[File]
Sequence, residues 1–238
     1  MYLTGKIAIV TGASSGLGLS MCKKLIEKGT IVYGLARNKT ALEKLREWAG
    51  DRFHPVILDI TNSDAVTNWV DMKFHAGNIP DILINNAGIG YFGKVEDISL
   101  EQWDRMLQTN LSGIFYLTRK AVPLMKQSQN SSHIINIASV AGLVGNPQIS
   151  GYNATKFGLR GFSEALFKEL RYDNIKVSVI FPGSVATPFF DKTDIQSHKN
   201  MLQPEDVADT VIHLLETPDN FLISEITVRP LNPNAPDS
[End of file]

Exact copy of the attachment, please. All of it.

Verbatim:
Sequence, residues 1–238
     1  MYLTGKIAIV TGASSGLGLS MCKKLIEKGT IVYGLARNKT ALEKLREWAG
    51  DRFHPVILDI TNSDAVTNWV DMKFHAGNIP DILINNAGIG YFGKVEDISL
   101  EQWDRMLQTN LSGIFYLTRK AVPLMKQSQN SSHIINIASV AGLVGNPQIS
   151  GYNATKFGLR GFSEALFKEL RYDNIKVSVI FPGSVATPFF DKTDIQSHKN
   201  MLQPEDVADT VIHLLETPDN FLISEITVRP LNPNAPDS